NEW ORLEANS -- She's performed at the House of Blues and has been asked to perform at this year's Jazz Fest. A Northshore teen is hoping to make it big in the pop music industry, but she was concerned that a serious health condition would stop her from her dream.
Now state-of-the-art technology is helping her get there.
Since she was a little girl 16-year-old Rici Jo Rachal knew she wanted to perform.
"Me and my sister would not just sing. We would, like, act and put on little shows in like the living room for my family and friends," Rici said.
So Rici and her little sister Stevie Rae took acting and singing lessons in New Orleans. Then two years ago they entered a competition in Las Vegas, met agents and spent five months in California working with music producers and going to acting, singing and hip-hop dance school.
Rici made a CD and wrote some of the lyrics. Out of that came a music video and website.
"Rici said, 'This is what I want to do more than anything,'" remembers her father, Ronnie Rachal.
But while fulfilling her dream of performing, there's reality. She's a sophomore at Northlake Christian School in Covington. And like any teen, good grades are expected by adults, while the teens expect to be accepted and have a social life with their friends.
But a few years ago when she was 12, something went terribly wrong.
"I was really tired and I would always, like, wake up like literally like nine times in the middle of the night and use the bathroom and have like really dry mouth and always thirsty. And I would like check out (from school) like five times a week like literally every day and I would like go home and sleep and eat," she said.
"She was losing a lot of weight. She started getting the black circles around her eyes and she just really sick and missing a lot of school and she was urinating a lot," said Ronnie.
One day it was too much to handle. She went to the doctor, who sent her to Children's Hospital in New Orleans.
"As a parent, you know, I was really depressed. I mean, it ate my lunch because you know my children's, my babies. So it really got me down. I was depressed for days," said Ronnie as his eyes teared up.
"I didn't think I'd have a normal life. I was like discouraged. I like candy so I was pretty upset about that," said Rici.
The diagnosis was type 1 diabetes. For some reason, her genetics, a virus, something in the environment or even a combination of all those triggered her immune system to turn on her own insulin-making cells, attack and kill them as if they were invading germs.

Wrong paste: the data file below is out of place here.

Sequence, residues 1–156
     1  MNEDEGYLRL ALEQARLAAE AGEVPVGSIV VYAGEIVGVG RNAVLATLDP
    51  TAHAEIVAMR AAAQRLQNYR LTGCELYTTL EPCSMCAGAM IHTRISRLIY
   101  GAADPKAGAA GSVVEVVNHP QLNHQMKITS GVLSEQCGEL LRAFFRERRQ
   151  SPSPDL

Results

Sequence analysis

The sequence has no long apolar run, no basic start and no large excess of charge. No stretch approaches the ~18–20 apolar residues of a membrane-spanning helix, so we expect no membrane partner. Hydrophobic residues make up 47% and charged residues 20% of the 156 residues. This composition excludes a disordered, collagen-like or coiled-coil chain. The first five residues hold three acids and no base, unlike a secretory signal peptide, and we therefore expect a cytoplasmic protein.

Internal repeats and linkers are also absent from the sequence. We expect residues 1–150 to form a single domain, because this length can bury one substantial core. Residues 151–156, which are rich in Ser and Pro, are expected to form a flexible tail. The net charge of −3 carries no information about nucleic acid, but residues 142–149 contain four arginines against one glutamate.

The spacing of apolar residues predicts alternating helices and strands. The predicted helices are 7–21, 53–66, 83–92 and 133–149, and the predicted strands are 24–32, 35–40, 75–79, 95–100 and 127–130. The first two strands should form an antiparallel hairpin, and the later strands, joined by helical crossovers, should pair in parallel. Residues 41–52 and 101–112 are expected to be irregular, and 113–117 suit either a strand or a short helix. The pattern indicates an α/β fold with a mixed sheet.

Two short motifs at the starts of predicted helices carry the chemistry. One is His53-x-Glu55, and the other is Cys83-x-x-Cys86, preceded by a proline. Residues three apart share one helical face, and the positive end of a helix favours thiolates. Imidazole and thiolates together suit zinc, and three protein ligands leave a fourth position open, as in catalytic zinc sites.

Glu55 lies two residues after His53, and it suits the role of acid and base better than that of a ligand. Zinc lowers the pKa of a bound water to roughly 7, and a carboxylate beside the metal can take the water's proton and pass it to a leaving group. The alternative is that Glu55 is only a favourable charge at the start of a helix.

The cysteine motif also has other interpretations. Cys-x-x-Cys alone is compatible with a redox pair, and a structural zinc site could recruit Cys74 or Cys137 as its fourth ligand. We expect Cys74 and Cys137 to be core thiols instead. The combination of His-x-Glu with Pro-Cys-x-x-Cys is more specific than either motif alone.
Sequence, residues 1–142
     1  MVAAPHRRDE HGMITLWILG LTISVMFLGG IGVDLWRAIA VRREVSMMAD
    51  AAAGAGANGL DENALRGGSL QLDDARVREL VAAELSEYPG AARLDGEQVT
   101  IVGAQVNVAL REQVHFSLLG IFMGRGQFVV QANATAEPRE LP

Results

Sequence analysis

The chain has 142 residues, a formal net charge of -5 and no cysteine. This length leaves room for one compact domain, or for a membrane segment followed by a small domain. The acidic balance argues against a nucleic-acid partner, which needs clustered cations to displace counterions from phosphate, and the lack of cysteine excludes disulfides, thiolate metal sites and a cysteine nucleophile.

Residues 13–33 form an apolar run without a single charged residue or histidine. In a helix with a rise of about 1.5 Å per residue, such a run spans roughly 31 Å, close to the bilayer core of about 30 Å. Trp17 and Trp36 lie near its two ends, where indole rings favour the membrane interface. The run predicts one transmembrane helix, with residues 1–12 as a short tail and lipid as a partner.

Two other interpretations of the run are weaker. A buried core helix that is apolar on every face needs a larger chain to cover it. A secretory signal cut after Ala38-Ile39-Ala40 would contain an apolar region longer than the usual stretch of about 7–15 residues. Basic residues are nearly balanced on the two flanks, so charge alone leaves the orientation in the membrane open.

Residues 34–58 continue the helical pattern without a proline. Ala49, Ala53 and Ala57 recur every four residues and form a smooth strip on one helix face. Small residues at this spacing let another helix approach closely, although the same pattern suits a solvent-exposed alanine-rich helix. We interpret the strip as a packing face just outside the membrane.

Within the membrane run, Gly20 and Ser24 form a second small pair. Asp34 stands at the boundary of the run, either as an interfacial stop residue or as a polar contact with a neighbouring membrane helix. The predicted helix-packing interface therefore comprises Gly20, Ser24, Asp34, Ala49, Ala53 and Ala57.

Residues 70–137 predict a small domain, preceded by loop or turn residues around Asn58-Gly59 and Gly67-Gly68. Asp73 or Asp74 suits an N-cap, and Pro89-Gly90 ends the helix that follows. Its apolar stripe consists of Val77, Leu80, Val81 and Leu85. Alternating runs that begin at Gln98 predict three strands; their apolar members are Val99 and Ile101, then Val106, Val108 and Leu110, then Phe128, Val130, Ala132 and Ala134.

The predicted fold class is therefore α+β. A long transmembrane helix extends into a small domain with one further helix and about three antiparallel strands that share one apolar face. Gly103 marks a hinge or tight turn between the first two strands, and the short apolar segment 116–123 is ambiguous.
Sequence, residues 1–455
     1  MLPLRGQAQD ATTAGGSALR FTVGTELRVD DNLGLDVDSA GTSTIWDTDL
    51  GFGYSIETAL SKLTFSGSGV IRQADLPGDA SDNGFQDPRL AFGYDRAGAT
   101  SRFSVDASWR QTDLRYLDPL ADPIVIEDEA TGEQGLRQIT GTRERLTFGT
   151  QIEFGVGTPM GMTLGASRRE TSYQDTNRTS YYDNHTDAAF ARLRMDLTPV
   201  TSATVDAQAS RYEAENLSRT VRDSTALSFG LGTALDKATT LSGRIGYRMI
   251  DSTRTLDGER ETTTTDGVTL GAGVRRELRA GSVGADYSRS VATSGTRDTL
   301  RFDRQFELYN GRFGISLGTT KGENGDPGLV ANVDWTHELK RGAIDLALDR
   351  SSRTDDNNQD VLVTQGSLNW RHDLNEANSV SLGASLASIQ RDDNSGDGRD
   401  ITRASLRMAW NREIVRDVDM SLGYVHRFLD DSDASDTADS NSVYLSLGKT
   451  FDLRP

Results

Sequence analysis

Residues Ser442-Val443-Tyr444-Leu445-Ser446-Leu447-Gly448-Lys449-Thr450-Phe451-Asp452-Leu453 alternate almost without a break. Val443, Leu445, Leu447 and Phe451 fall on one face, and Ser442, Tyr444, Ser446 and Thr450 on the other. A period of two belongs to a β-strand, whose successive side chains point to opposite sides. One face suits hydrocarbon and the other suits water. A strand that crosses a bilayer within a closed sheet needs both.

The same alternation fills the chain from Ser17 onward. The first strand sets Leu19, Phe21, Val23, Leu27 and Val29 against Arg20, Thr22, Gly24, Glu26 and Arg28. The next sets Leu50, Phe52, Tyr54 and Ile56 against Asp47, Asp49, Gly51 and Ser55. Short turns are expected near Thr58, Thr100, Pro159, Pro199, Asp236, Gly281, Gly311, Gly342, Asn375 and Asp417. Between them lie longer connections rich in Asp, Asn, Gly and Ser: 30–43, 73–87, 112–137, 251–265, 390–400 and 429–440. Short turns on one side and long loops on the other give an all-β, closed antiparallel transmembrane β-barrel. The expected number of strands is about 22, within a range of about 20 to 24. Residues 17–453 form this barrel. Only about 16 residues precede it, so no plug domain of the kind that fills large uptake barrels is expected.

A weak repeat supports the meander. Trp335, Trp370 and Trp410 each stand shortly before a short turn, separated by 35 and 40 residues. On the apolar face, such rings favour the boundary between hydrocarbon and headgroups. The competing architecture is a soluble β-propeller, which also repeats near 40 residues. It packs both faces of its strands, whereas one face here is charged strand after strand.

"If you want to know what a diabetic feels like, just imagine an uncontrolled diabetic is like somebody who skips meals for two or three days at a time. And it's also if you only drank two or three cups of water to stay alive, and that's it," explained Rici's doctor, Dr. Victor Pouw, a pediatric endocrinologist at Children's International Medical Group in Lacomb, Louisiana.
Untreated, the lifelong condition can destroy your eyes, kidneys, nerves and blood vessels.
So for years Rici checked her blood sugar and gave herself insulin injections.
"Four times a day I'd have to take a shot and then like I would get like bruises like on my stomach and on my arms. It was like really embarrassing. I'd have to like lift up my shirt in front of people and that was really uncomfortable," Rici remembers.
But now Rici is using the latest technology called the OmniPod.
A tubeless, discreet pump that she can hide gives her the insulin she needs. She checks her blood sugar with a finger stick and then programs a remote device that looks like a cell phone.
And it constantly gives her a more accurate dose of insulin than injections. She can swim with it and hide it anywhere on her body.
"It's made a big difference. I can hide it easier. I don't have to like show people like if I wear like a tank top, I can like wear my pod like on my stomach or if I'm wearing a skirt, I can wear it on my leg so nobody will see it and people won't even know. It's just like I'm a normal kid," she said.
And that gives he the confidence at school and on stage.
Rici has worked her way up in the music industry to where a performance coach and choreographer flies in from Los Angeles a week before she has a performance. They rehearse along with back-up dancers before she goes on stage.
She gets the danger of not being diligent about checking her glucose. She's watched her grandmother's health decline with diabetes. So she can't be like other teens, but unlike other teens, she already knows what she wants to do when she grows up -- perform.
Rici's entire family went on the same diabetes-type diet to support her and make it easier for her not to be tempted to eat the wrong foods.